Now as a teenager, his weight prevents him from simply going out on the lawn and playing ball with them for more than five minutes.
And that hurts.
If you can extract information like this, you have a whole new plan of attack.
You have the prime reason to help motivate them.
It also helps you with their current problem, eating too much over the weekend.
Plant that seed.
Paint the picture to your client of a year down the line when they have achieved their goal of losing many pounds however and now happily get to spend time with their kids without their weight being a problem.
Remind them that every time they want to make poor choices, to visualize their final goal.
And ultimately, that’s not weight loss.
That’s getting their life with their kids back.
That’s the trigger, for sure, and it’s now something that will drive him to reach his goal.
When clients start to look at things from an emotional aspect tapping into the real reason why they want to make a change, you’ve won the battle.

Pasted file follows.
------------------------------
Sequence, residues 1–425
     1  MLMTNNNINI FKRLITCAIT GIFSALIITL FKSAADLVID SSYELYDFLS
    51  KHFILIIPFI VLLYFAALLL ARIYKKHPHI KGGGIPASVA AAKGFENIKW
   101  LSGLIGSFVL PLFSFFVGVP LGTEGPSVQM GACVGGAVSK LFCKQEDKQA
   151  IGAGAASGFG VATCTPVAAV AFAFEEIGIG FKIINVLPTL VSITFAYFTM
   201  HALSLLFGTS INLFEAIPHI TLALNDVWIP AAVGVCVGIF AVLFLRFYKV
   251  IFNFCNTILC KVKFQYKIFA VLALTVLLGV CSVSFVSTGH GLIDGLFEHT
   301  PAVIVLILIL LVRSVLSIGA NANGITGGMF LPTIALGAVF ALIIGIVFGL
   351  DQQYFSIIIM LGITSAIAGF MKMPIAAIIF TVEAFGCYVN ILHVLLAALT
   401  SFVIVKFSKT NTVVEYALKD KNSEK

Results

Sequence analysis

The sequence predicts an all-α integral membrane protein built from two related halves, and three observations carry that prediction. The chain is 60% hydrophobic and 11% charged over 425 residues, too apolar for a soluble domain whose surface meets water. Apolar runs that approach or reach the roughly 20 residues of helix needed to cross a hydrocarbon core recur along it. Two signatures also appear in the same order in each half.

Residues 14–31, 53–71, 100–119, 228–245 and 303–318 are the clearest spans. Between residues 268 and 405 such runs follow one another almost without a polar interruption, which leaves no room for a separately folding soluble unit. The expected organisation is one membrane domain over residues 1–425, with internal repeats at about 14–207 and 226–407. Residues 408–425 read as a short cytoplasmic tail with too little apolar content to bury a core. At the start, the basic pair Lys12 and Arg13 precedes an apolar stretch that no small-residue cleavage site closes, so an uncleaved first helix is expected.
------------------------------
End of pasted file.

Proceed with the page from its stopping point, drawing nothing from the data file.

I can’t think of a better way to truly connect with your clients.
If you can find the trigger for each of them, and it can be a tough thing to do, it sets you apart from other trainers who may approach each client in a “mechanical” way.
Happy clients mean they keep coming back
The next important question I want to cover is something that all personal trainers will ask themselves occasionally, especially when they lose a couple of clients.
And that’s “How do I keep clients coming back?”
It’s something that you have to master.
It’s awesome getting new clients but ultimately, you can only succeed in your personal training career if you retain clients.